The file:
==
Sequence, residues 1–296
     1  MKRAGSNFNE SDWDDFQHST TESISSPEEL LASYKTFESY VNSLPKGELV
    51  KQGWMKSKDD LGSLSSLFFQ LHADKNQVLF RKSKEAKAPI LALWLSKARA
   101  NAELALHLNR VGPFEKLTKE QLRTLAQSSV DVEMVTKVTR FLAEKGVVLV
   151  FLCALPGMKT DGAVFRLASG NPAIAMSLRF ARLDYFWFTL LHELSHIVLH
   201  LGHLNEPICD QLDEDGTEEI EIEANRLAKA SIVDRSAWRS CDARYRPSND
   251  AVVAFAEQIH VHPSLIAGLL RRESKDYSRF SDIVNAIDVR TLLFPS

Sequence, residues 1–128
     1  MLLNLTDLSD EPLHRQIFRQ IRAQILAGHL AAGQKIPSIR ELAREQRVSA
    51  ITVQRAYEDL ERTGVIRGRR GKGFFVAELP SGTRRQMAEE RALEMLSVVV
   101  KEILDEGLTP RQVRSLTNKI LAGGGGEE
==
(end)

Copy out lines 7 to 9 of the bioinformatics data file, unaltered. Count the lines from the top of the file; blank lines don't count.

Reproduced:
   251  AVVAFAEQIH VHPSLIAGLL RRESKDYSRF SDIVNAIDVR TLLFPS

Sequence, residues 1–128
     1  MLLNLTDLSD EPLHRQIFRQ IRAQILAGHL AAGQKIPSIR ELAREQRVSA